The European Commission leaves it to the EU leaders to intervene in the market in the face of the energy crisis

The European Commission does not get wet. Perhaps because he does not want to touch anything, perhaps because he does not want to take sides with the north, south, east or west of the European Union. Or, perhaps, because, deep down, the EU is the governments. Be it for one thing or another, the truth is that Brussels arrives on the eve of the European summit with a range of options, rather than guidelines, with their pros and cons, to intervene in the electricity market in the face of the energy crisis, exacerbated by the invasion of Ukraine by Russian President Vladimir Putin. And it leaves it to the Heads of State of Government to make the decisions about what to do.

At the moment there are great differences between the member countries on the measures to be applied. Diplomatic sources explain in Brussels that there are two groups of countries: those from the south, led by Spain and joined by Belgium, who are pressing to put a cap on energy prices and decouple electricity from gas; and others such as Germany, the Netherlands, Ireland or Denmark, which prefer to "accelerate energy efficiency measures, the implementation of renewables and interconnections". The latter believe that the Spanish Government's proposal could “jeopardize the security of the offer and our independence from Russia” and “block progress in the objectives of the 'green deal'”.

These countries consider that capping the price of electricity can make energy producers take it to other places and "create a huge problem of security of supply." They come to accuse Pedro Sánchez of "beginning to look like Don Quixote fighting the windmills" and the Belgian Prime Minister, Alexander De Croo, of being his "Sancho Panza".

“Member states have proposed various options for emergency measures to limit the impact of high electricity prices”, says the European Commission: “However, all options carry costs and drawbacks”. And he says more: “There is no single easy answer to deal with high electricity prices, given the diversity of situations between Member States in terms of energy mix, market design and interconnection levels”.

Therefore, “the Commission is setting out the pros and cons of the different approaches for further consideration by European leaders, and is prepared to take its work forward accordingly. While many of the options address the symptoms, it is important to address the root causes of today's high electricity prices, with collective European action in the gas market."

Thus, Brussels states that “it will present a detailed plan and evaluate the options to optimize the design of the electricity market in May, and is ready to propose an EU energy saving plan. The Commission is also considering providing guidelines to Member States on how to make the best use of specific exemptions under the energy taxation directive.

gas storage

Of course, the Community Executive does come with a legislative proposal so that gas reserves are at 80% with a view to this summer, and, as of next year, winters are not reached with less than 90%.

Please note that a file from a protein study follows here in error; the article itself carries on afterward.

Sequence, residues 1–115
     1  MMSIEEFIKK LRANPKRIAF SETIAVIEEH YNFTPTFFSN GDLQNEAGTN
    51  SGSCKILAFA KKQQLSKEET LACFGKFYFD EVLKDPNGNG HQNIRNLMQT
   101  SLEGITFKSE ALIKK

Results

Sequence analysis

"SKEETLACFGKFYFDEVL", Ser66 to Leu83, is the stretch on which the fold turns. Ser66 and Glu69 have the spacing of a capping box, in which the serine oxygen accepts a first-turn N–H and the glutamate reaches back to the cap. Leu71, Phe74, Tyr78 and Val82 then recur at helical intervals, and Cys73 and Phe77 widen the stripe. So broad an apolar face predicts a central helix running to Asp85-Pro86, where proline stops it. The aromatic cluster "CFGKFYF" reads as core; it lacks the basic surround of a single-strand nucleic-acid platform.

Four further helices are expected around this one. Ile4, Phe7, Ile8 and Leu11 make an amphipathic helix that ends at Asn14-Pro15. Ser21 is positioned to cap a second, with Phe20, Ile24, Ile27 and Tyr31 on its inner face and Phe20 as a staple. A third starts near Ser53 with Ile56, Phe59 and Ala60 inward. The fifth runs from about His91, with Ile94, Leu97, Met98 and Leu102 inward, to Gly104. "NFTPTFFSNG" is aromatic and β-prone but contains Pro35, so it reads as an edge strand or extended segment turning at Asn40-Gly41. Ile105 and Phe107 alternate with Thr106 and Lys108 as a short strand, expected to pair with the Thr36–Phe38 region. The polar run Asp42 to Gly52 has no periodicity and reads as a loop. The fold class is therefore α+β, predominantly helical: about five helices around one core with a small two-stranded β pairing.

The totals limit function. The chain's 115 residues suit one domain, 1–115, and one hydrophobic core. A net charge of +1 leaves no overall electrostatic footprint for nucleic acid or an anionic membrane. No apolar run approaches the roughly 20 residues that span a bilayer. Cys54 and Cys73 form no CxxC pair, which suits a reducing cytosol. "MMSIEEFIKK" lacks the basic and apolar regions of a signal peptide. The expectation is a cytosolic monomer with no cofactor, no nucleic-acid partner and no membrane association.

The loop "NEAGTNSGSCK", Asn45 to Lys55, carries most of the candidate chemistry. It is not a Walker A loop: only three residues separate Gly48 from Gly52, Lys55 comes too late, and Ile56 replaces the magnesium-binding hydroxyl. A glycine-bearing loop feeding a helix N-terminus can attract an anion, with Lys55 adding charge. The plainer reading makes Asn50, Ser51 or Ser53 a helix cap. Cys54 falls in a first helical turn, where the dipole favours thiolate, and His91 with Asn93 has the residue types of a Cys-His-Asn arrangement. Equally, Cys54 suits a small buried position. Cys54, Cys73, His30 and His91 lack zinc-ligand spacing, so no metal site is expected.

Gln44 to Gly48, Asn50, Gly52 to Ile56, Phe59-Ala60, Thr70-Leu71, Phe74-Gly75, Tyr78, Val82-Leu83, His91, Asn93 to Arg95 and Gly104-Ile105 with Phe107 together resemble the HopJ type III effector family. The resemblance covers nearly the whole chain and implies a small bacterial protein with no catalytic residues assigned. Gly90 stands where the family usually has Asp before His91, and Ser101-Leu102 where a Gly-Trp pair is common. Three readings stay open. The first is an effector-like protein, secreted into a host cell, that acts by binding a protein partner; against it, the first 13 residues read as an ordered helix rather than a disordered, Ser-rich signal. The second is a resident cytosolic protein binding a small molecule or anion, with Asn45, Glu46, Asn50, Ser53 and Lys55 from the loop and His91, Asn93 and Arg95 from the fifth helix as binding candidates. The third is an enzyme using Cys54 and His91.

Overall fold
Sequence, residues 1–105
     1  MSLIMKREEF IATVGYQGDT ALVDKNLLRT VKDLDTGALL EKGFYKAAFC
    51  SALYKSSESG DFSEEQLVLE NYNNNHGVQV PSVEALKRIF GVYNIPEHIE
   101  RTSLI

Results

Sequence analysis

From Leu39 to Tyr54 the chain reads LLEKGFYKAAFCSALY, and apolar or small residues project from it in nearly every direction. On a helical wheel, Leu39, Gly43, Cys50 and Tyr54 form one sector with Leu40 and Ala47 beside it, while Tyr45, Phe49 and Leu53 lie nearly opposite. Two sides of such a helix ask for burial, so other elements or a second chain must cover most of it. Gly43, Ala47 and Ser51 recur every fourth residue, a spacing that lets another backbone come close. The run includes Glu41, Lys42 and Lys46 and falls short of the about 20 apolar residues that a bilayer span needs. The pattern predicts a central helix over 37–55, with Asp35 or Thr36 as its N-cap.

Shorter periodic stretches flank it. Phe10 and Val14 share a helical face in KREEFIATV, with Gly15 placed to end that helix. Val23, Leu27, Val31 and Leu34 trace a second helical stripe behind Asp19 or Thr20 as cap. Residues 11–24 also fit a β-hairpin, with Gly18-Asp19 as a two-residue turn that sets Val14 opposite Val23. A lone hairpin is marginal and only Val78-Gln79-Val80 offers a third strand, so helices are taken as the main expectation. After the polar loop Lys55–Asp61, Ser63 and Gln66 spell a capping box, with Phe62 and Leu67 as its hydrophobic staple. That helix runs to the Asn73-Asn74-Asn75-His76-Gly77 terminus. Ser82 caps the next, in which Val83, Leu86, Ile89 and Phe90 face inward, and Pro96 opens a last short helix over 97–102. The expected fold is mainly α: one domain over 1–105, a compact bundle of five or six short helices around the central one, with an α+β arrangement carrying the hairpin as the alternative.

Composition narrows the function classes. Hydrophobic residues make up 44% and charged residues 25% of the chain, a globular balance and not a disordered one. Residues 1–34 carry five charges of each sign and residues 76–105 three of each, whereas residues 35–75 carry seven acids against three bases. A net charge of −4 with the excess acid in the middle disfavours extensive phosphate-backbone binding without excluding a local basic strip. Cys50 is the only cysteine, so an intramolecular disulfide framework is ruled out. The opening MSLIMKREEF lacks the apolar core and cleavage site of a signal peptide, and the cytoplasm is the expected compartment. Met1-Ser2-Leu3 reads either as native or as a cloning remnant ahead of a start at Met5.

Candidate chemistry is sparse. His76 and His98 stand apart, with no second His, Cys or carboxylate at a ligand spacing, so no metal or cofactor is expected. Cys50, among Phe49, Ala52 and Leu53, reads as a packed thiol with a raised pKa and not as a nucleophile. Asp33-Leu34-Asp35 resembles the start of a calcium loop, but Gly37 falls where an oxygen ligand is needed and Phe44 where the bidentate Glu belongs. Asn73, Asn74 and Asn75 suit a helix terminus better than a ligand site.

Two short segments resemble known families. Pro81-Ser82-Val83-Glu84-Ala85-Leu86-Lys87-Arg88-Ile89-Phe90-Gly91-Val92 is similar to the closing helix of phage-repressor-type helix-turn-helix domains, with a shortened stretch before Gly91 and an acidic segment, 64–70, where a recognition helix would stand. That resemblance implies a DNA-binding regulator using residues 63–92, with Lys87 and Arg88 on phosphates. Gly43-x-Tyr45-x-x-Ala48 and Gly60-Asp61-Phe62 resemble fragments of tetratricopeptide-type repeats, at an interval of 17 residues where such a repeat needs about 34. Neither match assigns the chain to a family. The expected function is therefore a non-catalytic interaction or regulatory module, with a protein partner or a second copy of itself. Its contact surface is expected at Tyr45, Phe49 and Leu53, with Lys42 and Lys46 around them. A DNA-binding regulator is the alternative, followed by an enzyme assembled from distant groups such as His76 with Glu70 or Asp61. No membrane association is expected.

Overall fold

Thus, the legislative proposal “requires the Member States to guarantee that their gas deposits are filled to at least 80% of their capacity before November 1, 2022, increasing to 90% in the following years, with intermediate objectives of February to October”.

According to the Brussels idea, "operators must report filling levels to national authorities, and Member States must monitor levels monthly and report to the European Commission."

According to the European Commission, “gas storage facilities are a critical infrastructure to guarantee security of supply”. For this reason, “a new mandatory certification of all storage system operators will be created to avoid the potential risks of external influence on critical storage infrastructure, which means that non-certified operators will have to relinquish ownership or control of gas storage facilities in the EU”. This measure is taken with Gazprom, the Russian gas giant, in mind.

“Furthermore”, says Brussels, “for a gas storage facility to close its operations it would need an authorization from the national regulator. To incentivize recharging of EU gas storage facilities, the Commission is proposing a 100% discount on capacity-based transport tariffs at storage facility entry and exit points.

Agreements with third countries for the collective purchase of gas and hydrogen “can improve resilience and reduce prices”, says the Commission, which wants to “create a working group on common gas purchases at EU level. By pooling demand, the task force would facilitate and strengthen the EU's international outreach to suppliers to help secure well-priced imports before next winter. The working group would be supported by representatives of member states on a board of directors. A joint negotiation team led by the European Commission would hold talks with gas suppliers and also pave the way for future energy alliances with key suppliers, beyond LPG and natural gas. It draws on the experience of the COVID-19 pandemic, in which EU-wide action was crucial to ensure a sufficient supply of vaccines for all."

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